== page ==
Contradictions and Heterogeneities in the Epistemes of Salt Water Joint Annual Conference of GAPS and IACPL 30 May-2 June 2019, University of Bremen
Photo: Sonia Bejarano, Leibniz Centre for Tropical Marine Research (ZMT)
Building on the Strata of the Dead: A (Very) Brief History of Coral Reef Ecologies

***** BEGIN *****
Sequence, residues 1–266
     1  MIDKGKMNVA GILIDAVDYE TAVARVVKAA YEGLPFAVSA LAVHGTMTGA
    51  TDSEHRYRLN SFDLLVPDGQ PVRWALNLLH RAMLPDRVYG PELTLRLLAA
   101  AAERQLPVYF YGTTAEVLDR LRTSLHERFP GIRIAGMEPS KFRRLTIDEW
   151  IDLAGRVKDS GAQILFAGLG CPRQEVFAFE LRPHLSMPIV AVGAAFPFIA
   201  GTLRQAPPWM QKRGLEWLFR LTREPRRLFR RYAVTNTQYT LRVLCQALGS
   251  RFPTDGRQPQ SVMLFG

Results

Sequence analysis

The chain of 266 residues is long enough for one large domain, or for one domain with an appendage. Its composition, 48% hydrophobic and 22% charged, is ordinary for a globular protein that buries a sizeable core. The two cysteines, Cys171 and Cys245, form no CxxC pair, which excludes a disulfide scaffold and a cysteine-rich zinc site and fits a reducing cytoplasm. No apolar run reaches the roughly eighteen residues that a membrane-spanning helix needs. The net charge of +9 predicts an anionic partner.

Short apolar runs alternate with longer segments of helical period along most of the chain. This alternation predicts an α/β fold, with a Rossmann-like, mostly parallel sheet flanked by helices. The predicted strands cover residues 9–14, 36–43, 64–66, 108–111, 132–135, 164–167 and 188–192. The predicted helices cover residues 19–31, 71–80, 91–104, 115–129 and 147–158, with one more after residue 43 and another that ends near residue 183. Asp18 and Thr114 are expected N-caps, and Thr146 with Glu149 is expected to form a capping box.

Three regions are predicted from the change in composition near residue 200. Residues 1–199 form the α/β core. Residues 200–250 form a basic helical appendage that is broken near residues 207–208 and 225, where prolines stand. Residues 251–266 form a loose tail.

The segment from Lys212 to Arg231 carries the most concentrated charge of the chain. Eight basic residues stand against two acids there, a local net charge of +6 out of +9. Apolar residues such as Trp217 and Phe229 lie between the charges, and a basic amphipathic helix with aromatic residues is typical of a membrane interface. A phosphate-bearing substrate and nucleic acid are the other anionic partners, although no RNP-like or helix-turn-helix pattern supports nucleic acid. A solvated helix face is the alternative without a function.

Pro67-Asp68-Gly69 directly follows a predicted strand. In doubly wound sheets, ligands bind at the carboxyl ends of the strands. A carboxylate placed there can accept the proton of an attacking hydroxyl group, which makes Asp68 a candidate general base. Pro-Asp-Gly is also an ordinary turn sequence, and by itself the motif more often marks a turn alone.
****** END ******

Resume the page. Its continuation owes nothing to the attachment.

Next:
Building on the work I have been doing on the relationship between poetry and destructive/creative tropical storm in Australia (cyclone) and the Caribbean (hurricane), I want to think about the complex biological and cultural ecologies of coral reefs as understood by two influential postcolonial poets of the 20th century – Judith Wright and Kamau Brathwaite. In the poem, ‘The Builders’, published in her popular 1949 volume Woman to Man, Wright speaks of ‘life’s promise and accomplishment’ as ‘a fraction foothold taken’ where ‘dark eroding seas had broken, the quick, the sensitive’. This is a poem about resilience – of coral, of poetry, of love and of life on this planet. The poem asserts a claim on the future - ‘love rises on the crumbling shells it shed./ The strata of the dead/ bursts with the plumes and passions of the earth.’ But that future was precarious then, and is even more so, now. We - coral and human societies - are threatened by a potential inability to maintain the precarious balance of the living and the dead. Some thirty years after Wright published ‘The Builders’, Brathwaite was claiming the potential restoration of a submerged culture that he likened to an ancient watercourse trickling slowly through the coral limestone of his island, Barbados. Mother Poem ends with the embrace of this stream by the vital force of the ocean – a ‘widening outwards into the sunlight’; and in an earlier poem, ‘Coral’, published in Islands in 1969, he begins with the assertion of the value that can be derived from pain: ‘A yellow mote of sand dreams in the polyp’s eye,/ the coral needs this pain’. The bones of the dead heroes of rebellion are the limestone from which new life, new energy to fight the fight is born, and ‘slowly slowly/ uncurling embryo/ leaf’s sucking grain’s armour/ my yellow pain swims into the polyp’s eye.’ But how much is too much – too much violence, too much destruction, too much pain – too much for the viability of these natural and cultural ecologies? We live on a threshold, a reef raft rocked by increasingly violent storms. We are like to drown. Can poetry save us? Wight did not give up on the power of activist word, but after forty years of publishing, she did give up on poetic word. At the age of eighty-five Brathwaite still rages poetic but to what effect? Are we reaching the tipping point at which trauma is too great, too overwhelming, too destructive to re-right/write the life of coral or human ecologies?